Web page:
Benign segmental myoclonus: electrophysiological evidence of transient dysfunction in the brainstem

J Clin Neurosci. 2001 Jan;8(1):54-6. doi: 10.1054/jocn.2000.0765.


We present a 66-year-old patient with segmental myoclonus evoked by a brainstem infarction. The myoclonus appeared soon after a cerebrovascular accident and it was evident in the soft palate, jaw, neck, shoulders and upper limbs. Brain MRI showed infarction in the left pons and left cerebellum. Small amounts of orally administered clonazepam were remarkably effective. Electroencephalogram (EEG) and auditory brainstem response (ABR) were normal. Somatosensory evoked potential (SSEP) revealed delays in P 14 and N19 recorded at C3 by right median nerve stimulation. These findings were normalized in 4 days. Seg-mental myoclonus is thought to be evoked by olivary hypertrophy following cerebrovascular accident in the brainstem and is said to be resistant to medication. The limited involvement of the brainstem in our patient may account for the transient segmental myoclonus. The prognosis for this type of segmental myoclonus is excellent.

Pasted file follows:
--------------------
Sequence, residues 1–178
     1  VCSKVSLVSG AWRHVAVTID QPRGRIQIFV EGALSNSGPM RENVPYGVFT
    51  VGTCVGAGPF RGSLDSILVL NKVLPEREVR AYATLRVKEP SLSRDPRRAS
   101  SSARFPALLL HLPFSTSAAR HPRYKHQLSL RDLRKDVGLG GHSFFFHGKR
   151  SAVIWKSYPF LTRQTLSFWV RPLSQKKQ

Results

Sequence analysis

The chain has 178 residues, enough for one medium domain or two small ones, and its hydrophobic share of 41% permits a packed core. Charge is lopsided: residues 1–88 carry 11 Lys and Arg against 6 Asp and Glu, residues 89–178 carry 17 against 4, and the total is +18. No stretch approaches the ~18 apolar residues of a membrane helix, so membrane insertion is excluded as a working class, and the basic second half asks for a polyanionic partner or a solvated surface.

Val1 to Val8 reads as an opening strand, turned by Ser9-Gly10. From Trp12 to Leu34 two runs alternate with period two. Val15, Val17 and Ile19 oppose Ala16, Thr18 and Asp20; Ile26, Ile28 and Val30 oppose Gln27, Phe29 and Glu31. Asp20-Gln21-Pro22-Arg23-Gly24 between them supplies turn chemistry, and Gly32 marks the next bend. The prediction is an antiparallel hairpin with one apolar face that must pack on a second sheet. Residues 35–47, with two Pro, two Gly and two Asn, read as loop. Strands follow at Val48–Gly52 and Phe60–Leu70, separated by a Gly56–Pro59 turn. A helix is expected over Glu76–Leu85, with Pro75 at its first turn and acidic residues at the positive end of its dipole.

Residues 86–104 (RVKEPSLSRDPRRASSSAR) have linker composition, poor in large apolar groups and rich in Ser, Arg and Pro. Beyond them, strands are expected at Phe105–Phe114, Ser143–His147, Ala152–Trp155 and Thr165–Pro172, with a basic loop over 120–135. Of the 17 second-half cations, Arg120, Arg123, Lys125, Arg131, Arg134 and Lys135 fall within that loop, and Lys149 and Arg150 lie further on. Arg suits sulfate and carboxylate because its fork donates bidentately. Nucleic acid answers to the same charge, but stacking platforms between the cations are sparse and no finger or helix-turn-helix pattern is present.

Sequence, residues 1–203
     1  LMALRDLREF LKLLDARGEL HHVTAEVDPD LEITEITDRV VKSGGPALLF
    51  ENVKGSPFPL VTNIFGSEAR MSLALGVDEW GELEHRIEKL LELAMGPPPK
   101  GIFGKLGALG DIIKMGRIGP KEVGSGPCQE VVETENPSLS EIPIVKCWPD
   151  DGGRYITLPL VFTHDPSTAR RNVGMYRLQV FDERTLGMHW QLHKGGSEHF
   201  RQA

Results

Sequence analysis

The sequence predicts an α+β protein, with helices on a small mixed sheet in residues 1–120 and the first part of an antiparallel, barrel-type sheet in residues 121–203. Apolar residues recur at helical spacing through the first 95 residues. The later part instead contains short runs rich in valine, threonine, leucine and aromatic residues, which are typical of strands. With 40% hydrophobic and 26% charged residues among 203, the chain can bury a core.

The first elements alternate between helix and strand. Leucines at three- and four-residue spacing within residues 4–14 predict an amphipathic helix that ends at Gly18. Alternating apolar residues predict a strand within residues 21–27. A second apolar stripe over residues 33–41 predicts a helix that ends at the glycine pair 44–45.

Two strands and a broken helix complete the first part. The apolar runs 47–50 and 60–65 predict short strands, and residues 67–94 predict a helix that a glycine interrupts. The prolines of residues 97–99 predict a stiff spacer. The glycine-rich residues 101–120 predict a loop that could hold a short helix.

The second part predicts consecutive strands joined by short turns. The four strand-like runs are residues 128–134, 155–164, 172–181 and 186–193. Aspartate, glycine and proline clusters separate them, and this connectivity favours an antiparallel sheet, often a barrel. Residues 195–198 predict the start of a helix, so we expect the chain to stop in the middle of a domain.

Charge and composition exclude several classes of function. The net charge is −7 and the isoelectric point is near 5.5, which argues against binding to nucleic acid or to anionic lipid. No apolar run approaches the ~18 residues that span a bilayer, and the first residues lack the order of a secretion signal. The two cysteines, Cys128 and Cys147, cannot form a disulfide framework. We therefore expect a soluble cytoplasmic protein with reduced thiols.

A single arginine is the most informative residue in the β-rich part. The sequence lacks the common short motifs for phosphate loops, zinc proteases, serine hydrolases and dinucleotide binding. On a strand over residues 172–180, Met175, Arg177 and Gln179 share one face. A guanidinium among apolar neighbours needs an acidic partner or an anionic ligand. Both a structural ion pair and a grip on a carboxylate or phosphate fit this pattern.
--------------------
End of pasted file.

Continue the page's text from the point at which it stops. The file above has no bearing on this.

Publication types

  • Case Reports

MeSH terms

  • Aged
  • Anticonvulsants / administration & dosage
  • Brain Stem Infarctions / complications*
  • Brain Stem Infarctions / pathology
  • Brain Stem Infarctions / physiopathology*
  • Cerebellum / blood supply
  • Cerebellum / pathology
  • Cerebellum / physiopathology
  • Clonazepam / administration & dosage
  • Humans
  • Ischemic Attack, Transient / complications*
  • Ischemic Attack, Transient / pathology
  • Ischemic Attack, Transient / physiopathology*
  • Male
  • Myoclonus / drug therapy
  • Myoclonus / etiology*
  • Myoclonus / pathology
  • Myoclonus / physiopathology*
  • Pons / blood supply
  • Pons / pathology
  • Pons / physiopathology
  • Treatment Outcome


  • Anticonvulsants
  • Clonazepam